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    We had only been living in the Hebrides for a few years when we discovered a visitor hiding under the kitchen sink. Alerted by our daughter and the suddenly anxious behaviour of the two resident cats, Mike got a torch and shone it around, and the beam caught the glint of a big yellow eye. Someone didn’t want to be seen.

    After a day or two, our visitor moved into a position - still under the unit - where we could see him. He was a big feral tomcat, a stocky, handsome animal with pale tabby-like markings on his thick fur. We don’t have wildcats in the Hebrides, but this one looked like he had some of the genes. He also had a terrible gash running down over his left eye, which was closed up while the other one glared at us. We called him Tigger.

    This impressive animal had worked out he needed a safe hideout while he healed. He had picked a home that was cat-friendly and had a large, safe, dark area to hunker down.

    Once we had made visual contact, we started to put food down, although we weren’t sure how a cat used to living wild would take to Whiskas. Turned out he didn’t care - he was very hungry; the first few days, he ate very cautiously and we could only see his head. Gradually, he got more confident and was more relaxed about accepting the food. We could see the gash over his eye begin to heal.


    We got to the stage where we could risk chatting to him, and once or twice we even managed to scrat the top of his head. By this time, he had both eyes open and was looking a lot healthier. We began to hope he might stick around.

    And then one morning, after about ten days, he was gone. He used our facilities, accepted the food, got strong and well and vanished back into the wild. In all the time he stayed with us, he never made a sound, just looked uncomfortable about having to ask for help, and grudgingly tolerant of our fascinated attention. Often missed - never forgotten.

    The picture is the closest image I could find to how we remember him!


    Things have been quiet on the building and landscaping front since the onset of the laying season and the urgency of the biological imperative to reproduce - even though the prospect of ducklings is sadly unlikely in an all-female community.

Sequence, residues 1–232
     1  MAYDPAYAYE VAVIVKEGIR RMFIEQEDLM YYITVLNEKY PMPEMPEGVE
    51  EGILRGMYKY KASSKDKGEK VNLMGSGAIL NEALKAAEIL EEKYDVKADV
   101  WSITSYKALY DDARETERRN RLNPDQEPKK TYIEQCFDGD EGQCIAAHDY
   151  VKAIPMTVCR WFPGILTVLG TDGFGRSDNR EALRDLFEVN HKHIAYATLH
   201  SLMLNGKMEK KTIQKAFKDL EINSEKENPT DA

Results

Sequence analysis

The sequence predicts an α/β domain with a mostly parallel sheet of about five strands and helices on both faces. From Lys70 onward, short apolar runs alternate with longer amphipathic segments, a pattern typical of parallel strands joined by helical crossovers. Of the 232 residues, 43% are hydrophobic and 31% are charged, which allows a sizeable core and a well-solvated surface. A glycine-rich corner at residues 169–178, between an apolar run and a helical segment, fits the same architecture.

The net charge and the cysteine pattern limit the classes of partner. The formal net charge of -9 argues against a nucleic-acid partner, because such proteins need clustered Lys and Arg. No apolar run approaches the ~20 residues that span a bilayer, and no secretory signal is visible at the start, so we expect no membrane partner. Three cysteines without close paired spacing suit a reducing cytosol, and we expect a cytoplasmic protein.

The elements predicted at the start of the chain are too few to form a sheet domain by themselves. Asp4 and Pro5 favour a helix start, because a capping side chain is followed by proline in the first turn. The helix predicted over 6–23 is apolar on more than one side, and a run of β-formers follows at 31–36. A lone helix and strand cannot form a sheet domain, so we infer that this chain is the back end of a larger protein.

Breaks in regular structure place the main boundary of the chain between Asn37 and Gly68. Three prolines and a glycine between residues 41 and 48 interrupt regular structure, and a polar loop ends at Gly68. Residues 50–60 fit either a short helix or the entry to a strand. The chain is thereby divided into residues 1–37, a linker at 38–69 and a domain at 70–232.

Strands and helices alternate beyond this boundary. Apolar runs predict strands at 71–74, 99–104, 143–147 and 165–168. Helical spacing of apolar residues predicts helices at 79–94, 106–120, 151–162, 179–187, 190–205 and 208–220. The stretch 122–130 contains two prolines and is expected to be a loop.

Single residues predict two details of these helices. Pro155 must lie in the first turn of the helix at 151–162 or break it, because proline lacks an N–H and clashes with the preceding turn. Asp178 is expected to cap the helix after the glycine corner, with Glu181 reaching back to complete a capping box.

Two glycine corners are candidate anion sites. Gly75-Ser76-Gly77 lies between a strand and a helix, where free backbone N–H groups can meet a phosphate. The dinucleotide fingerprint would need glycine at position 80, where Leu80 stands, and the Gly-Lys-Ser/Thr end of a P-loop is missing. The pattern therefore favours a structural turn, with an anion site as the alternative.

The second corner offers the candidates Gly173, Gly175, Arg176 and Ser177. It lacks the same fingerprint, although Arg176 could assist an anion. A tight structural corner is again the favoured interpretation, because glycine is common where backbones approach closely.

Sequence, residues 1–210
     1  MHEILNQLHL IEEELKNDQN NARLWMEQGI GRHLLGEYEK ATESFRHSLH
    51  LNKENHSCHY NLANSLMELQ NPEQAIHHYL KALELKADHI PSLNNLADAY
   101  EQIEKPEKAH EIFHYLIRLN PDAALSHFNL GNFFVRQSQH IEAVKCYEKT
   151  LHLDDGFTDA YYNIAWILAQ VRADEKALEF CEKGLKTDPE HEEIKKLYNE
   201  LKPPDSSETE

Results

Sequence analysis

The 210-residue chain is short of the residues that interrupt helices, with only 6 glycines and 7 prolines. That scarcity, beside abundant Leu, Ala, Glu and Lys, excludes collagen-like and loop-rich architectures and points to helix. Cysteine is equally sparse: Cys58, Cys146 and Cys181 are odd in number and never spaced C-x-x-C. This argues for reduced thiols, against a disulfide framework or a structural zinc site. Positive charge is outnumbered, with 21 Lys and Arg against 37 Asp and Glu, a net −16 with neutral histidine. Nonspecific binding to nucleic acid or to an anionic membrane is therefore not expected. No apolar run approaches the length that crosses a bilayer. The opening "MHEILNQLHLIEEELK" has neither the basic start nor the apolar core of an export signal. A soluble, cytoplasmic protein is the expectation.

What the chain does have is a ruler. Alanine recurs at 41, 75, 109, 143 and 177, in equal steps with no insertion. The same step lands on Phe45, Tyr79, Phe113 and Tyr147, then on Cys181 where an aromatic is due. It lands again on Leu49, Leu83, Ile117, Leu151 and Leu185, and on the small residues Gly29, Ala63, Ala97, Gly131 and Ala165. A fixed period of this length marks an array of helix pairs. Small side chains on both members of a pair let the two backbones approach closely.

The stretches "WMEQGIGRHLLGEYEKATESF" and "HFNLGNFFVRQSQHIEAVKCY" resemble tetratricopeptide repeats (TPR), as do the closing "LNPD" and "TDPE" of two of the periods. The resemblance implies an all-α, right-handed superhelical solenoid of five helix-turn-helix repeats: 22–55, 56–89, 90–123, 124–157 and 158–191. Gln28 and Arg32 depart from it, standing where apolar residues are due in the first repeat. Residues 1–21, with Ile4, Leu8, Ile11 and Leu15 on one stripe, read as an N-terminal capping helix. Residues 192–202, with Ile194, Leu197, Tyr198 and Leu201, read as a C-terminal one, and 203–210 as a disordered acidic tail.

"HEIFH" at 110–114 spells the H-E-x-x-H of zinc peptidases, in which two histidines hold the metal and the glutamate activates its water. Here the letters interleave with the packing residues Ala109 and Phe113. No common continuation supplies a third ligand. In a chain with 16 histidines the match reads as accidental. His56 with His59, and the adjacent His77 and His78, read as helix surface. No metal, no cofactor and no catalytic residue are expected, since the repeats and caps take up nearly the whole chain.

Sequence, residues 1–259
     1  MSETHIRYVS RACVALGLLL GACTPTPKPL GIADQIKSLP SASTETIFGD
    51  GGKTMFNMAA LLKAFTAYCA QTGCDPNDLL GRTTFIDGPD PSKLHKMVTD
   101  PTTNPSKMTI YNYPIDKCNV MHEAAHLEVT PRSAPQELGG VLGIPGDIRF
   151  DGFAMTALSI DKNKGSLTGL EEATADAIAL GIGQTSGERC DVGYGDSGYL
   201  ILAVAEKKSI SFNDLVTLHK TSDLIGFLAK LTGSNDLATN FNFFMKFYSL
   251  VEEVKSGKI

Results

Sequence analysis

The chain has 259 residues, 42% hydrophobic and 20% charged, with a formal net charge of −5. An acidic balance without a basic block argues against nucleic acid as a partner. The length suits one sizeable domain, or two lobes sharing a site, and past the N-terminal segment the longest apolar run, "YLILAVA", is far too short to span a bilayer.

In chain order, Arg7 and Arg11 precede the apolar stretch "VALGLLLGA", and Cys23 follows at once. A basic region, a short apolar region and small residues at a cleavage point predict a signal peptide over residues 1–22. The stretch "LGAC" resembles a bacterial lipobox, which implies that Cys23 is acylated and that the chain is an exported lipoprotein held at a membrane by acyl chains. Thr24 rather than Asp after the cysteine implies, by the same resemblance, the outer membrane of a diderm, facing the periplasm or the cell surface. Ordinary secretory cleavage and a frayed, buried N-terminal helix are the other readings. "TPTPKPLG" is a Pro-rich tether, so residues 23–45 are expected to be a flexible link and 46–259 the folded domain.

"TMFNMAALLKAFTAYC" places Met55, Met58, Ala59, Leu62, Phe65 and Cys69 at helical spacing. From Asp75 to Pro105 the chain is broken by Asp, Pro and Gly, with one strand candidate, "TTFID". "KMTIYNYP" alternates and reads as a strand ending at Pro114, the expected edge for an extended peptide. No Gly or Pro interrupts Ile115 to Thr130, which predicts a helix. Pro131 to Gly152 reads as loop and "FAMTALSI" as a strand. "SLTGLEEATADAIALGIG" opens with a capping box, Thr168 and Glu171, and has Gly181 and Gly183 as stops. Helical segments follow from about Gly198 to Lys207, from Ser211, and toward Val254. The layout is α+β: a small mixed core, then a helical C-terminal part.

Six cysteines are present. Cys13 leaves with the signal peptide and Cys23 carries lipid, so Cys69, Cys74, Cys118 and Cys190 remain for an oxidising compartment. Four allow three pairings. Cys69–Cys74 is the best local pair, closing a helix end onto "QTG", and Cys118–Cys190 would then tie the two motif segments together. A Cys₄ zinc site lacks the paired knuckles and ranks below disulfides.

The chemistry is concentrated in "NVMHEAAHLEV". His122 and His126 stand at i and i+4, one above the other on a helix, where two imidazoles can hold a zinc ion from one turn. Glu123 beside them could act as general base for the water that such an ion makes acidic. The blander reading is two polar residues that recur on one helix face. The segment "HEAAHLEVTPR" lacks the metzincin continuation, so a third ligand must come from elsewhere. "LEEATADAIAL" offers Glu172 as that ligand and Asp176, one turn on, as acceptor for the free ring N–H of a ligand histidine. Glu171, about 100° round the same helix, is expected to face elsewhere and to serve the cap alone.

ducks ditch forewoman

    The forewoman of works, aka the little brown duck, presented one morning a few weeks ago with a bad limp, and immediately sequestered herself in the small enclosure built by a non-duck last autumn. A trip to the vet produced a diagnosis of either a sprain or a break, so the forewoman of works was sent home following a shot of anti-inflammatories and another one of antibiotics.


    The ducks have proved themselves to be amenable tenants on the hill, sharing their nesting facilities with the hens - there are two handsome nests, one at either side of the entrance - and mucking in at feeding time with both hens and geese. Our initial worries that the lame duck - sorry - might become a target of unkind interest proved unfounded.

    communal egg-laying

    The invalid settled herself near the shed and the pond and trusted us to provide food while she healed.  She had company - the hens pecked by, the geese regularly inspected the facilities, and all her sisters came to visit and keep watch.

    geese preening

    A formidable nurse/bodyguard combo emerged in the black duck, who sat with her more often than the others, saw off anyone who came too close, and generally watched over her, especially when she was moving around and testing the injured leg.

    ducks six

    Nobody messes with the black duck. At egg-collecting time, the other ducks flee the nest at the first sight of a human hand. The black duck doesn’t. On the one occasion we tried to move her, she launched a spitfire pecking attack and performed an aggressive whirling action on the nest with all her feathers standing on end. Having assumed the proportions of a capercaillie and the demeanour of a Ninja, we backed off respectfully and conceded the eggs. Her feathers subsided, but she kept up the glare until we crept away.

    ducks pond 2

    Thanks to the support of her community, the forewoman of works has now made a full recovery. She is back at the head of the charge for breakfast, leads the chorus, and is obviously planning a winter schedule of project improvements to the secondary pond by the willows, and the stepped bathing areas in the ditch, currently screened by attractive ferns.